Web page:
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DevXCon 2018

A few weeks ago I attended my second DevXCon. It was held in the dogpatch neighborhood of San Francisco this year, which meant a BART ride and then a MUNI Metro ride to get to the venue, but it was still quite accessible to public transit.

This year my colleague Judith and I put in a talk which was accepted titled “Debian to DC/OS: factors that shape open source communities” where we pulled out some of the similarities between open source projects we’ve worked on and evaluated the strategies for effectively supporting these communities. My own experience across projects has shown some very interesting trends around the relationship between an open source project and the company or companies supporting it. Perhaps most notably, is in the Ubuntu community where we were fiercely loyal to the project, but bristled at the association with Canonical. Community members would be thrilled to have their work highlighted on an Ubuntu-branded resource, but less likely to even allow Canonical to “use their work” to promote the company at all. The key point of the talk is that analysis of the company, project and community needs to be done on several axes so you can craft an effective approach to community development, since what may work well in one community could fail in another, and you need anticipate and handle that. Slides from the talk can be found here (PDF).

Thanks to Leslie Hawthorn for taking a picture during our talk! source

It was an enjoyable talk to give, but the talk slots at this event were 20 minutes long (short!) and I’m not used to having a co-presenter, so I was a little nervous about timing and flow. Still, it went well and I’ll be giving it again at the end of August for the Open Collaboration Conference at the Open Source Summit in Vancouver. I have some additions I’d like to make to the criteria for evaluating projects, and it would be fun to add a couple more projects to our examples.

Of course the real value of this conference is in hearing what other people have to say! The event kicked off on Monday afternoon with a keynote from Jono Bacon about cultivating leaders. This is a complicated topic, and he handled a lot of the nuance of it well. All of the communities I’ve worked in have struggled with cultivating leaders beyond the original few, but you can’t just hand off leadership to anyone who comes along and wants it, as it’s common for people who want responsibilities to be ill-suited for it. You need to look for the right characteristics and recognize that not everyone is cut out to be in a leadership role. He stressed the importance of listening, ability to be decisive, humility and self-awareness for when mistakes do happen. He also talked about how you need to support the people in your community who may be good leaders by providing coaching and mentoring.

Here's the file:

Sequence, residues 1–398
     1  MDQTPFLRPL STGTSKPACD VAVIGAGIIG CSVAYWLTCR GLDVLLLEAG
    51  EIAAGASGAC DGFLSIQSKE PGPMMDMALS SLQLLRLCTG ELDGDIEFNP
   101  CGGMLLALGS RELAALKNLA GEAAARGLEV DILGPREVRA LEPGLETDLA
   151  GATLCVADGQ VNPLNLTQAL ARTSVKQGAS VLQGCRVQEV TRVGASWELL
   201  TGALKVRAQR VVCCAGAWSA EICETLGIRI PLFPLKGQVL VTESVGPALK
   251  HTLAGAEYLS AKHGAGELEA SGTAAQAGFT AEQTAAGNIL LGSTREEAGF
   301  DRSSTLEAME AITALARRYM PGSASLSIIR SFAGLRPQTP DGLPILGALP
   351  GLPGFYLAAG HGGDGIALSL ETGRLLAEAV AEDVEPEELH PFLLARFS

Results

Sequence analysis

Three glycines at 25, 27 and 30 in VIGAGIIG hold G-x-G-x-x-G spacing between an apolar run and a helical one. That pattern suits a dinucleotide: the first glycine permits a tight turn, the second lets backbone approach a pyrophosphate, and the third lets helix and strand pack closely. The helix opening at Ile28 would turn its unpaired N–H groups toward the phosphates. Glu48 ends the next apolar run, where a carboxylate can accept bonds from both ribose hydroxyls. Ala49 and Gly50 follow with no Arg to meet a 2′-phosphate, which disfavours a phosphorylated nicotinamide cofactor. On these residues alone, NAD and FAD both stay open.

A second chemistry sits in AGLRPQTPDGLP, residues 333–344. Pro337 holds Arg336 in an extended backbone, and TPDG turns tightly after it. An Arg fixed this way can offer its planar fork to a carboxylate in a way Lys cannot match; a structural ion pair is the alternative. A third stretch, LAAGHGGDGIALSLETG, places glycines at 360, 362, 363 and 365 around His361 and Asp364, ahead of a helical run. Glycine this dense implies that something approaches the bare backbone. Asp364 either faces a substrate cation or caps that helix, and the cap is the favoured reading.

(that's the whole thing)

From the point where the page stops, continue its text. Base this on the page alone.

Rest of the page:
The second keynote came from Mano Marks who explored the developer advocate/evangelist question of “Who do you work for?” It’s a question I’ve easily answered as “the community” but you are being paid by a company and there is some loyalty to be recognized there as well. He explored motivations of various stakeholders and factors like company size, project and product maturity and community size, and how these all impact where your role. I was also happy that he addressed the topic of integrity, since many of us are hired partially based on our reputation and that’s important to keep healthy if we wish to succeed across multiple positions in developer relations.

On Tuesday I enjoyed hearing from Bear Douglas about connecting developer relations to product inside of a company. It’s something we’ve started doing more as we process community feedback and tickets. Part of your job is to be the filter and the funnel to make sure feedback is of a high caliber and clear. One of my favorite bits of advice was that you should mix in feature requests and concerns with positive and neutral feedback as well. You don’t want product to dread your reports or visits that are full of complaints and requests, instead mix them up so they also have reason to feel good about what the community members are expressing. She also talked about the importance of closing the feedback loop so everyone involved feels like their feedback is being addressed in some way.

I also enjoyed the afternoon keynote chat with Alex Salazar at Okta who shared a story of their first developer experience hire whose actions actually caused the company to pivot early on based on community feedback, despite protests from leadership. It ended up being the right decision for the company and was an excellent demonstration of how powerful developer relations can be.